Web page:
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The House-Concert App
How AI could bring musicians (or others) to your home
My old friend Stan, who writes Fave Five, likes to host folk musicians at his house. Not superstars, but professionals who are good enough to have a following. This “house concert” phenomenon is pretty widespread, as you may know.
With AI, a famous band could give a house concert. For example, suppose that the band 10,000 Maniacs licensed itself for AI house concerts. For a few hundred dollars a day, I could rent the band. I would download the AI version of the band to my computer, which I would then cast to a big flat-screen TV.
In the late 1980s, I saw two bands play that had recorded CD’s that included one song with REM’s Michael Stipe as a guest singer. One of those bands was 10,000 Maniacs. They came to DAR Constitution Hall when In My Tribe was their hit album. When they played “Campfire Song,” Stipe, who had been seated casually in an aisle seat in the audience, suddenly bounded up on to the stage to sing his part.
The other band that I saw was Indigo Girls. At the 9:30 Club, I was standing where I could barely see them. When it came time during “Kid Fears” for Stipe to sing “…Are you on fire,” he wasn’t there. I sang his part where I was standing. Only one guy could hear me, but he turned around and smiled.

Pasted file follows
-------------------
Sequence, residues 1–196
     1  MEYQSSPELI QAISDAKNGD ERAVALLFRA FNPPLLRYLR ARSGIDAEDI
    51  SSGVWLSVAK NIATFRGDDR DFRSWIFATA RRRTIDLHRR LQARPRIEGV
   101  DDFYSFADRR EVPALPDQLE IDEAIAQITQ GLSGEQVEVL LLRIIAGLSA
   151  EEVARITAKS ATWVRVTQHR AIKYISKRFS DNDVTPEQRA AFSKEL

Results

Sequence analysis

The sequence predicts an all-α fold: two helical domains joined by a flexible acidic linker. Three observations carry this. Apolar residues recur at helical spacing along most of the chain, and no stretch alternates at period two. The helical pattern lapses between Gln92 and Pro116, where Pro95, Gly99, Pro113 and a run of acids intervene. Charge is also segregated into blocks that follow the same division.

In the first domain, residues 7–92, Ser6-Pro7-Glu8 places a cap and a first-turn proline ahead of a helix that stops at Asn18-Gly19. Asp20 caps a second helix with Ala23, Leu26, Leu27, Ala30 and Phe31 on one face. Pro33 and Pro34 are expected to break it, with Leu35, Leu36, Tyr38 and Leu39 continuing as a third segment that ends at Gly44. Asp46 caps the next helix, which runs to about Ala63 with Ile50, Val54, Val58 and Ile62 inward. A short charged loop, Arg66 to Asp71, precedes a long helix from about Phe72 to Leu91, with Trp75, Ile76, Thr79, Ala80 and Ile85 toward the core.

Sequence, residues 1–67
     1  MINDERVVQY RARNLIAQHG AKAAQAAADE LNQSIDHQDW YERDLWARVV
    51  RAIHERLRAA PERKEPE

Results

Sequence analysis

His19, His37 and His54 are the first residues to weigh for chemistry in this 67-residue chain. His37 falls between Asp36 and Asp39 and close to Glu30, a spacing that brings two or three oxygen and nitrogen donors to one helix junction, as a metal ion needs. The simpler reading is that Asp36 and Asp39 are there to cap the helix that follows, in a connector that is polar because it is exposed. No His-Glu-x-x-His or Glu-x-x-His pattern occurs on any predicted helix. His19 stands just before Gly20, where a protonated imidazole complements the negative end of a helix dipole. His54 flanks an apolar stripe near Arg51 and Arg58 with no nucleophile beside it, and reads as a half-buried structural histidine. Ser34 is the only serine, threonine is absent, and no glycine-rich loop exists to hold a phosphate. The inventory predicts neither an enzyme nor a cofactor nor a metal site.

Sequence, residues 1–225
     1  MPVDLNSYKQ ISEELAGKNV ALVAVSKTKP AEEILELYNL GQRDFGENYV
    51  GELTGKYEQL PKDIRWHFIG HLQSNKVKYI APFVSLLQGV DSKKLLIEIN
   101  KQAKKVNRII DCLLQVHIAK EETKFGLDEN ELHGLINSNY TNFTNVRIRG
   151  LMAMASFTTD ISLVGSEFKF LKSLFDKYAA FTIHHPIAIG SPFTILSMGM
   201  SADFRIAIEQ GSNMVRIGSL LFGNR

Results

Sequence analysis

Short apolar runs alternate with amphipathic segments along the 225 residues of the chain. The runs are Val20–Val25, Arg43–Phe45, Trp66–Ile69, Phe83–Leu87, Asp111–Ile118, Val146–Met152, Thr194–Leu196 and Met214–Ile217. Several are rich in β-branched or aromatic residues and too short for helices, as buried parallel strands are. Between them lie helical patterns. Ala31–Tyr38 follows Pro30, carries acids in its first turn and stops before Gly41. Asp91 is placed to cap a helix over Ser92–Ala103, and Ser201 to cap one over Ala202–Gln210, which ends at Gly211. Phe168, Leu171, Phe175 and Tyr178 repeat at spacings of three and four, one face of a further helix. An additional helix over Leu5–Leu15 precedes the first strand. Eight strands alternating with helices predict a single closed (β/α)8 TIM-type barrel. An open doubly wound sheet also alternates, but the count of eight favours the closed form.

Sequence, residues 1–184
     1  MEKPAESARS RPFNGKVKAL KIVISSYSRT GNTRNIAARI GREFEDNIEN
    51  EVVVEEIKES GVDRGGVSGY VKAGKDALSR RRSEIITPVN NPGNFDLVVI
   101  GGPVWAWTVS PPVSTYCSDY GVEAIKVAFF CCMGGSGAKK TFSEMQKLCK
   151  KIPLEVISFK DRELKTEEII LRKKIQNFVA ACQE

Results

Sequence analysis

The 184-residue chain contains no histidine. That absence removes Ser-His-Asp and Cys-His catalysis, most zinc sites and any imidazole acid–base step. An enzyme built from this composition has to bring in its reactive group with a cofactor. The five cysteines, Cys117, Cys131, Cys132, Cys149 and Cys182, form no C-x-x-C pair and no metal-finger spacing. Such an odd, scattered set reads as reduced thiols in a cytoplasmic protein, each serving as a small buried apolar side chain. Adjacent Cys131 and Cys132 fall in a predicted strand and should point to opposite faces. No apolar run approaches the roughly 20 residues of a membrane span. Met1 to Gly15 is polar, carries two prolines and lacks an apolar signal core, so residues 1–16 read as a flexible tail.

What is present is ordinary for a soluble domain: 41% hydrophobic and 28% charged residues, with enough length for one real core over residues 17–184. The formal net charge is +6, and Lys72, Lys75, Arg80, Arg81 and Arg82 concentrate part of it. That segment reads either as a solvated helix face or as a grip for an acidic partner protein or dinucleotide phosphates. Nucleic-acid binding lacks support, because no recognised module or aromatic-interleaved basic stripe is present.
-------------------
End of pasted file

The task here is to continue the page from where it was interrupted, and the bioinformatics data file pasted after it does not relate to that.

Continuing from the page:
With the house-concert app, I could take the computer’s mike and do Michael Stipe’s part, or just sing along in general. Or play guitar with the band.
The AI enables flexibility. If it’s hard for me to reach the right key with my voice, the band can play in a better key for me. If I can’t play guitar fast enough to keep up, they can slow down the song.
I could choose the concert program. Maybe I could have the band cover a song that they never actually covered. I could interview the members of the band.
For better or worse, politicians could use the house-concert app. The AI version of someone running for local office could hold town hall meetings in different people’s houses.
A captivating history lecturer could use the house-concert app. He or she could answer different questions from different audiences. Perhaps representations of historical figures would appear “on stage” with the lecturer.
Maybe even an economist and substack writer could give house concerts. . .